Scripts Deep Dive
In this section we’ll take a more in-depth view at scripts and learn how they can be used most effectively for CloudShell orchestration.
How CloudShell handles scripts
CloudShell executes a Python script by creating a temporary virtual environment for the script’s execution, downloading all required packages from the script’s requirements.txt file and executing the script using the Execution Server python engine.
To send information to the script, CloudShell sets environment variables in the scope of the script process. These environment variables include information about the sandbox reservation, as well as the script’s parameters. The script standard output is returned as the command result. If an exception is raised, or if a non-zero process result code is returned, the execution will be considered a failure.
Using requirements.txt with CloudShell orchestration scripts
It’s now possible to attach a requirements.txt file to make sure your script will have all dependencies installed on the virtual environment before the script’s execution starts.
To use the requirements.txt:
- Archive this file with the orchestration script in one ZIP file. It will then be possible to upload this ZIP file to CloudShell using the CloudShell Portal.
Using a main function and packaging multiple files
As scripts become more complex, instead of structuring them as one big function, it is advisable to create a main function and separate the rest of the logic into different functions. Python requires some boilerplate code in addition to the main function to make this work. Here is an example code demonstrating how to use main functions with scripts:
Depending on the complexity of the script, it may be wise to also separate the code into multiple files. To do that, we can take advantage of Python’s ability to support executing .zip archives containing multiple scripts. The only requirement is that one of the files is named __main__.py, which is how the entry point of the Python process is determined.
Setup and teardown scripts
Setup and teardown are special types of orchestration scripts. There are two things that make them special:
- They can’t have any inputs as they are launched automatically
- If you use CloudShell’s default Python Setup & Teardown driver, then simply including a teardown or setup script in the reservation and setting a duration for the setup/teardown is enough for CloudShell to launch it.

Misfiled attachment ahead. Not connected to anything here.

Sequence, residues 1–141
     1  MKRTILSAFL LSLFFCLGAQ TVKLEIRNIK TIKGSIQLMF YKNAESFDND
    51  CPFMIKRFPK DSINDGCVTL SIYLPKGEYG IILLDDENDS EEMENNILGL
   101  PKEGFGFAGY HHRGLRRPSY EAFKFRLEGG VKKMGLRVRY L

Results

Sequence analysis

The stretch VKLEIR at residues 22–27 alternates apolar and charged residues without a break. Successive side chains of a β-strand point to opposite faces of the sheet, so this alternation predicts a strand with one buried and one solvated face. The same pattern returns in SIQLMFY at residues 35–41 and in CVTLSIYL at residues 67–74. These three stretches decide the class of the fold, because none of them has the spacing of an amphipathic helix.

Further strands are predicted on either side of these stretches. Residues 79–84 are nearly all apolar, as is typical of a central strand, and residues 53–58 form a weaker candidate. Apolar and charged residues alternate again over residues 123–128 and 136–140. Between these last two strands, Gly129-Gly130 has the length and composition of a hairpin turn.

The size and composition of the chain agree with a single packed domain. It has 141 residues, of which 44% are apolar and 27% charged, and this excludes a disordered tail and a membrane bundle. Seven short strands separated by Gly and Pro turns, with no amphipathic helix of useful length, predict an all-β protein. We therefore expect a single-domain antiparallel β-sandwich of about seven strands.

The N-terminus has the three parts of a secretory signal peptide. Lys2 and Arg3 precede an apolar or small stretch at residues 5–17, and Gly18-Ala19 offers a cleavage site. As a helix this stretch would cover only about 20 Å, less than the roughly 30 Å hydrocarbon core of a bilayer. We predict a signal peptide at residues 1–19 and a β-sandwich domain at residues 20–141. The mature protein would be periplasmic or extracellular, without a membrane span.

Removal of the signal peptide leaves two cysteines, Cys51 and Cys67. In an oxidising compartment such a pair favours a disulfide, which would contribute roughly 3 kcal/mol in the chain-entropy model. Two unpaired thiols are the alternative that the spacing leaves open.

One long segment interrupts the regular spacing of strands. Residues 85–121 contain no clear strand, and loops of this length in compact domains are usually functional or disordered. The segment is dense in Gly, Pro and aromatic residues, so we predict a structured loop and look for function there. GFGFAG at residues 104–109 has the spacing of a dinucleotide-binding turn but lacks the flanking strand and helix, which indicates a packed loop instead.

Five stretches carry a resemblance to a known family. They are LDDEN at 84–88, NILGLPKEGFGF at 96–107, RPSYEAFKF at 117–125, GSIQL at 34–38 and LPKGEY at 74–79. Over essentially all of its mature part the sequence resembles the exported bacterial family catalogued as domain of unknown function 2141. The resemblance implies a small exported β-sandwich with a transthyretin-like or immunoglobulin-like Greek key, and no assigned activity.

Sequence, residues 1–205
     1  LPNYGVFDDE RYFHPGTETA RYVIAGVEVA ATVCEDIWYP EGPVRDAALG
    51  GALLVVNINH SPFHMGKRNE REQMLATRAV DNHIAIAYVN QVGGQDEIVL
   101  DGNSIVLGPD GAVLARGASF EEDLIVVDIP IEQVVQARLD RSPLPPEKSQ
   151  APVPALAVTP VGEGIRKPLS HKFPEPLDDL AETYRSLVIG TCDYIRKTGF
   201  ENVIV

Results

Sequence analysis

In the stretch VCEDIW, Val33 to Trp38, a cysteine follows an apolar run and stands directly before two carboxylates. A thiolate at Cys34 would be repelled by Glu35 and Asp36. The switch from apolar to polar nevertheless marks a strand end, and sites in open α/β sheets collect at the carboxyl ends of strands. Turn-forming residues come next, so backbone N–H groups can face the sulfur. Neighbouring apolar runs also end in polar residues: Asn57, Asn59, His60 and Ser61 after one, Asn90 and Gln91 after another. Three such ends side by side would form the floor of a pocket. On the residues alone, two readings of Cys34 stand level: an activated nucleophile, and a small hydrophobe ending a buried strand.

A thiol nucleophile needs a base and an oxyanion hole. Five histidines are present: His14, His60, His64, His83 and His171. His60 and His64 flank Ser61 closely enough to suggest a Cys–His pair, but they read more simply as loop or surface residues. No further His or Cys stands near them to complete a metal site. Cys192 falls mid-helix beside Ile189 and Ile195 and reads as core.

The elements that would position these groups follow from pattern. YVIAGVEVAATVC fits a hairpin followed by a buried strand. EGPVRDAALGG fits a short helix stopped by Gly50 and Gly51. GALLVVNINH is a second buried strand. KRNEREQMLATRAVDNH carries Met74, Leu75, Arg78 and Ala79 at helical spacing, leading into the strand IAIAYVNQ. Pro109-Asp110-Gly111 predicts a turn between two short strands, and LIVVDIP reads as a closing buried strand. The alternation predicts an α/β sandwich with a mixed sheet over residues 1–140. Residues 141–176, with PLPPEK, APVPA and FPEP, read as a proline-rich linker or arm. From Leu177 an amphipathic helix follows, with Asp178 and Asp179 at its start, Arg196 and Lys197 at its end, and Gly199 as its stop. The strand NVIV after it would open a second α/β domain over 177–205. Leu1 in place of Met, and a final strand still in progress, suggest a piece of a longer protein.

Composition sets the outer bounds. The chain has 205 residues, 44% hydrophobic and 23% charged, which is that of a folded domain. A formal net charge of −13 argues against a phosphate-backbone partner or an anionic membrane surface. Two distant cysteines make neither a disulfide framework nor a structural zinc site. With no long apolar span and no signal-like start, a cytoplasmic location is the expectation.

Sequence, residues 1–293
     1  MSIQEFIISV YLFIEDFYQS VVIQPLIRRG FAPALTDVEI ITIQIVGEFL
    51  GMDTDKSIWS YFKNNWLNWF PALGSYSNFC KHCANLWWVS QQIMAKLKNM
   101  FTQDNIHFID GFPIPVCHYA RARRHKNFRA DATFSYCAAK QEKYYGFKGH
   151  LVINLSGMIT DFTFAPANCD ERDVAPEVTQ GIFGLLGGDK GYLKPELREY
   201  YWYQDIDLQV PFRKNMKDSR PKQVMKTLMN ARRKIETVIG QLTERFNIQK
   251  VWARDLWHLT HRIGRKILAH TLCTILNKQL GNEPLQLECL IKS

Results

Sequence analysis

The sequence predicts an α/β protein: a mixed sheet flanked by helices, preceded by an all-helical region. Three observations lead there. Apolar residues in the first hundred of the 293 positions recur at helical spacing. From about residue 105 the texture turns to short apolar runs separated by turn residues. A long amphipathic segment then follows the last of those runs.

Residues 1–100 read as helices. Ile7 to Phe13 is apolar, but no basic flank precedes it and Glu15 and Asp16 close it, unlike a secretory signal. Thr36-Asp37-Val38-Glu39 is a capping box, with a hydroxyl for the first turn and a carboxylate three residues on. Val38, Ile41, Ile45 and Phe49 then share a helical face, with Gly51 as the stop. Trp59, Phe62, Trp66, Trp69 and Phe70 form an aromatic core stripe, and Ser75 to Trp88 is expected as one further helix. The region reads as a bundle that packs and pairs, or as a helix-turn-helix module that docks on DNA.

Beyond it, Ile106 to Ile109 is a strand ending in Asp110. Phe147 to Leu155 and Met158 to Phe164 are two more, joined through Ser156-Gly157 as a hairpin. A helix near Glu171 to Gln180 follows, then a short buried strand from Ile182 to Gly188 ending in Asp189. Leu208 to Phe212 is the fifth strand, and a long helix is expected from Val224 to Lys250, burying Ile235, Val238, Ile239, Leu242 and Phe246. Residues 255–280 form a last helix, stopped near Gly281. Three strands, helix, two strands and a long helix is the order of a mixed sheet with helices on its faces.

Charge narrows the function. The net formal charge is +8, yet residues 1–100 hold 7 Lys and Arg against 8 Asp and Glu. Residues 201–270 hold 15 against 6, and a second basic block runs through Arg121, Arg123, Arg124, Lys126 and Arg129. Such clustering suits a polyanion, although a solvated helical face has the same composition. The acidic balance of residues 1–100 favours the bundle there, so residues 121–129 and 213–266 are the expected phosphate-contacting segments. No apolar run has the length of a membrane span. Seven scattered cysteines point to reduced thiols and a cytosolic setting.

To set a script as a teardown or setup script:
- In the Scripts - Blueprint management page, edit the script.
- From the script’s Script Type dropdown list, select Setup or Teardown, as appropriate. The script will take on that special behavior. Note that the script can only run as part of the sandbox Setup or Teardown process. In addition, you won’t be able to add any inputs to it.
Logging in orchestration scripts
To implement logging in your orchestration script:
- Use Sandbox.logger, which is based on the CloudShell standard logging format. The logger lists all the data that is needed for debugging the script, including the Sandbox id, function names, error level, time stamp and more.
CloudShell includes some helper functions to make it easier to debug a script by running it on real sandbox reservation data. The helper functions allow the script to be “attached” to a CloudShell sandbox, by filling in all of the script’s environment variables so that the same information is available to it as if it were launched by CloudShell.
To attach a script to a CloudShell sandbox:
As you’re writing more complex orchestration scripts, it may become prudent to also separate the code to multiple files. To do that, we can take advantage of Python’s ability to support executing .zip archives containing multiple scripts. The only requirement, is that one of the files is named __main__.py, which is how the entry point of the Python process is determined.
Referencing other packages
- Create a Sandbox reservation.
- Add the following code and fill in the required data for the function parameters.
Note that if we include the above code in the example script we provided earlier, we’ll be able to run it locally as well as from the CloudShell Sandbox. The attach_to_cloudshell_as function will populate all of the blueprint data as CloudShell would, so from the code’s perspective, it doesn’t make a different where it is being run from. Furthermore, the code will ignore the special attach_to_cloudshell_as function if you run it from CloudShell so that there is no adverse effect to leaving the statement there.
However, using this strategy will expose your CloudShell credentials in the code. To avoid this, we recommend you use a similar function which takes the same information from a file. Make sure to add that file to the .gitignore list so that it doesn’t get on source control. The following code will have the same effect as the lines above, but will look for the information in a JSON file named quali_config.json, which should be in the project root.
The quali_config.json should have the following structure: